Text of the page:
cycle of life: one generation goes and another comes. Abraham
and Sarah give way to Yitzchak and Rivka. After 127 full
years Sarah dies and her devoted husband Avraham Aveinu
goes to great lengths to ensure she has a proper resting
place. After the mourning period is over it is time to ensure
that Yitzchak will have a partner who, together with him, will
ensure that the traditions of Abraham and Sarah are passed
to the next generation. After fulfilling the parental responsibility
to marry off one's child Abraham is no longer mentioned
in the Torah even though he lived for another 38 years.
Abraham after Sarah is no longer is "worthy" of mention in the Torah.
Choosing the right partner was and is no easy task. Abraham gave his servant explicit instructions regarding the future wife of Yitzchak. She was not to come from the people of Cannan but rather should come from the birthplace of Abraham. This requirement has perplexed our commentaries. After all if the people of Cannan had not yet accepted monotheism neither had the people in Abraham's place of birth. Surely the family of Mamre - a friend of Abraham who lived in Cannan was no worse than that of Lavan and Betuel. Wasn't Abraham commanded to leave his homeland and family? Why does he go back to them for a shidduch?
Rabbeinu Nissim of Gerondi (14th century Spain) explains that there is a fundamental difference between a flawed belief system and flawed character traits. The former is external to the actual person whereas the latter defines the person. Ideology can be taught, philosophic mistakes can be corrected and opinions and beliefs change all the time. Recent Jewish and world history shows how fluid belief systems are. Throughout the 19th and much of the 20th century thousands of Jews rejected the traditional ways of their parents. Our generation has thankfully witnessed many children returning to authentic Jewish living rejecting the unobservant lifestyle of their parents.
Character, on the other hand, explains the Ran is literally absorbed in the genes. It is ingrained and changing even one trait takes enormous effort, willpower, training and vigilance. When one displays anger, hatred, vengeance or engages in gossip there are physiological changes to the body which leave an indelible impression upon us and upon our children both "genetically" and psychologically. Character traits are more often than not passed down through the genes into succeeding generations. The apple truly does not fall far from the tree. Hence even those Jews who rejected the belief system of their parents by and large did not, could not, reject their social conscience. Tzedakah, fighting for the downtrodden, community involvement, is still thank G-d common even amongst the "non observant". When the Talmud teaches that if a person who is not full of mercy, loving kindness and humility claims to be Jewish they are not to be believed it is expressing not only a moral obligation but a "biological reality". Could it really be that after so many generations of chesed practised by Jews that it did not rub off on you?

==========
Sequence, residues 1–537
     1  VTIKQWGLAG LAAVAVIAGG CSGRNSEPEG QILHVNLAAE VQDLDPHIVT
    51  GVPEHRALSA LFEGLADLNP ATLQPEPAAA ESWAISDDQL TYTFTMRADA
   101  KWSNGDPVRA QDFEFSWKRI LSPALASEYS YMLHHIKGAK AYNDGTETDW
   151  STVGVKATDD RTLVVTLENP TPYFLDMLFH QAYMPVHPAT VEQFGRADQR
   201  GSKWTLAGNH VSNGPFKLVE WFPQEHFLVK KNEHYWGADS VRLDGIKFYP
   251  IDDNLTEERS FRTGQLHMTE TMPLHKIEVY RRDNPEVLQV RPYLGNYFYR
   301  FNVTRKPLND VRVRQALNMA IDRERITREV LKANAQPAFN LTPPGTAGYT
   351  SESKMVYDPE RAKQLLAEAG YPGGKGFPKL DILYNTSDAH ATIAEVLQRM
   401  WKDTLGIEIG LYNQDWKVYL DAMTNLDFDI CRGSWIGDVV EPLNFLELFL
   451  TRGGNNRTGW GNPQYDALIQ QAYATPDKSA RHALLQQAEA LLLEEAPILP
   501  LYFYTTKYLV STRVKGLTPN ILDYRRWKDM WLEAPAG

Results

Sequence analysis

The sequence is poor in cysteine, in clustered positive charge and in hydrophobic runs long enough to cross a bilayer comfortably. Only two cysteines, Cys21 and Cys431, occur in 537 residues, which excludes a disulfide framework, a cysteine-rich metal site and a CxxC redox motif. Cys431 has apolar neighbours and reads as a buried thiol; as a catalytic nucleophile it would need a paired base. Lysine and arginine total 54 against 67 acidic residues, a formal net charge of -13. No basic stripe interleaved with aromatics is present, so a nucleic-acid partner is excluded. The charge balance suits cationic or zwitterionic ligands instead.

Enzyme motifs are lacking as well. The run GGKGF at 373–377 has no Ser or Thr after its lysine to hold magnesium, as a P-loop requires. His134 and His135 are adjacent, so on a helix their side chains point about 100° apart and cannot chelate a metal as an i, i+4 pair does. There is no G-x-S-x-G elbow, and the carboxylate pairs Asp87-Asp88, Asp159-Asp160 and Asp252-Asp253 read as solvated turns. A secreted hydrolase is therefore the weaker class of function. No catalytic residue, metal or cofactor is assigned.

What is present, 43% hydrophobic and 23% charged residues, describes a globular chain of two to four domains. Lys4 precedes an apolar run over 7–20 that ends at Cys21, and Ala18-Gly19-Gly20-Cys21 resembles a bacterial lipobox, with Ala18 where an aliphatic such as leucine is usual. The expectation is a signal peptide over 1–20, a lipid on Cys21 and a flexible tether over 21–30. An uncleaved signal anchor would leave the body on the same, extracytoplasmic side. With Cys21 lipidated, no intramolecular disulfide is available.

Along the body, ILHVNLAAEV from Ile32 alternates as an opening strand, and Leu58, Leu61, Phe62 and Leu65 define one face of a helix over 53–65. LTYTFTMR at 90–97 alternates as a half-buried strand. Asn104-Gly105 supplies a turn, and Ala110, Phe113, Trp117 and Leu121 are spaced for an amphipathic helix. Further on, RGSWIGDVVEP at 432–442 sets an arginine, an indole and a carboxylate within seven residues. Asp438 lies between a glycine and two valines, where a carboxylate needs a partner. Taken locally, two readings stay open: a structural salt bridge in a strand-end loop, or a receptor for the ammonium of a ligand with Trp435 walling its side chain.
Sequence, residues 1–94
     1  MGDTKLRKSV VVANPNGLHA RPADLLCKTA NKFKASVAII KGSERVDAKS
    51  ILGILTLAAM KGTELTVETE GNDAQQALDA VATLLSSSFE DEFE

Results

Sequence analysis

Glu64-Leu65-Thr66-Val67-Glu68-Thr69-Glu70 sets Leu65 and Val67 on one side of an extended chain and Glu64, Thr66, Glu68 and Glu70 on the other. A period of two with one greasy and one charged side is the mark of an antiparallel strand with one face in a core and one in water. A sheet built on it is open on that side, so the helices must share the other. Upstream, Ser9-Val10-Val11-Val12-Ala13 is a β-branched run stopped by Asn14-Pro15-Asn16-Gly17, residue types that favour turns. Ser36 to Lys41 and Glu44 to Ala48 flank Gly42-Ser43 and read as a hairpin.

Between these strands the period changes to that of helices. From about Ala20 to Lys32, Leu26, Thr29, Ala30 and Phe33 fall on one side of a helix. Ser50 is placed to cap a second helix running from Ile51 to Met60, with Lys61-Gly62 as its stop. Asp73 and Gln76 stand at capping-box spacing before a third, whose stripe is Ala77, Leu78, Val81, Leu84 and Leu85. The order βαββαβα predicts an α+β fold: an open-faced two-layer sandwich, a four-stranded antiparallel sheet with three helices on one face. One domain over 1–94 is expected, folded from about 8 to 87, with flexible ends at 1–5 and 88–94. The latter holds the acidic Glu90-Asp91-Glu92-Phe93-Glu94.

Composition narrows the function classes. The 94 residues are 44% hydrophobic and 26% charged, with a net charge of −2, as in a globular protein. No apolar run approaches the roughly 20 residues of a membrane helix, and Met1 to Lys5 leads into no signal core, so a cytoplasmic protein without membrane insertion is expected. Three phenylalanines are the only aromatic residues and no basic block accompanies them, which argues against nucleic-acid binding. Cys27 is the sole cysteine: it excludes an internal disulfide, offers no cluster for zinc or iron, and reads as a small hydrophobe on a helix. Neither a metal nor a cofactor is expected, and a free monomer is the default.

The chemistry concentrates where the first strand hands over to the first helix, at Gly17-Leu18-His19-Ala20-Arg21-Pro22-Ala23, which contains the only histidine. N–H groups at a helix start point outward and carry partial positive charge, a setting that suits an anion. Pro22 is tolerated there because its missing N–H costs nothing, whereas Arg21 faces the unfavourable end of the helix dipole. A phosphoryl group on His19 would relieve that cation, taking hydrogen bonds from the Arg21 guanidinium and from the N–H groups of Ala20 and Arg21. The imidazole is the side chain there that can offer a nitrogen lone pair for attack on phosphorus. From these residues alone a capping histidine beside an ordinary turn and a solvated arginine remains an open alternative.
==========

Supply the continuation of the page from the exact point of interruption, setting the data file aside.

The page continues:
The Cannanites were not only idol worshippers but morally flawed. "According to the deeds of the land of Cannan you shall not do" (Leviticus 18:3). There degenerative character as seen in Sdom scared Abraham. He felt that his family while idol worshippers were not as morally corrupt. False beliefs are not something to be afraid of. People can be convinced of their intellectual errors. Even if unsuccessful it is only an ideological rift which must not lead to rejection of the person. However a morally corrupt person is to be avoided lest they influence us.
We read story after story about our "founding patriarchs and matriarchs". It is through these stories that we see the emerging Jewish people laying the foundations for a nation devoted to charity, hospitality, sacrifice, and unfortunately brotherly infighting. It is only by reinforcing the positive traits that we can then accept the Torah. Derech Eretz Kadma Le Torah. Proper character development is the prerequisite to Torah. Shabbat Shalom!